A few years from now I only see two big differences in GPS mapping as a result of MapShare. 1) Tele Atlas will likely be notified of changes faster than they would have previously since people will have an easier means of reporting issues. 2) Users will get some changes delivered to their devices faster than they would have before.

    I perhaps have had the advantage of going on a demo trip with a Tele Atlas van and have discussed similar activities with NAVTEQ officials. There just isn’t any way that the data collected via MapShare is sufficient for them to use as final data in their database. I see them using it to identify places where things need to be changed, but I still see the orange vans going out and collecting the data needed to implement the change.

    Perhaps here is another way to look at it with respect to your new subdivision. Let’s say you report through MapShare that there are a new set of roads. And let’s even say (although it isn’t yet possible) that you drive the roads with your GPS, record the tracklogs, or just draw on the map where the new roads are. I don’t believe Tele Atlas is going to use your data as a means for creating the new roads in their database. They will instead take your report and mark it so that the next time they are mapping in your area they can collect the first hand information they need to add the road to their database. Perhaps in the meantime your data can be shared with other MapShare users, but it isn’t accurate enough for Tele Atlas to use, not complete enough for the data they need for their GPS and non-GPS clients.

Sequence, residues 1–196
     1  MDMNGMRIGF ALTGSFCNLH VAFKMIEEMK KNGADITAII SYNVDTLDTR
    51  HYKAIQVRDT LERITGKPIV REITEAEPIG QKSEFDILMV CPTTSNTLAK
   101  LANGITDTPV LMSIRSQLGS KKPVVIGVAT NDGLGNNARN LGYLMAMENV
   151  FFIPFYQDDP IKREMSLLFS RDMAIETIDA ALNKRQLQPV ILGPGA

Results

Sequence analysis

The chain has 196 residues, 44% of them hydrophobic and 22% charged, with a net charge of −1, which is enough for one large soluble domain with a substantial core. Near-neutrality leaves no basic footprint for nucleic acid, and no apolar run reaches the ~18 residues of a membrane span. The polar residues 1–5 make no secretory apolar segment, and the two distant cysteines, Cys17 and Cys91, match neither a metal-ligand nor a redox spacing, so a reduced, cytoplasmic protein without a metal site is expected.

We have no (easy) means to tell MapShare the road inclination, the width of each lane, the surface condition, location data with an accuracy of inches, nor an archive video of the surroundings for later reference. There is just too much data we (as GPS users) don’t have the technical equipment to collect that they need for their database that would prevent them from driving a road.

    Tim - October 20th, 2007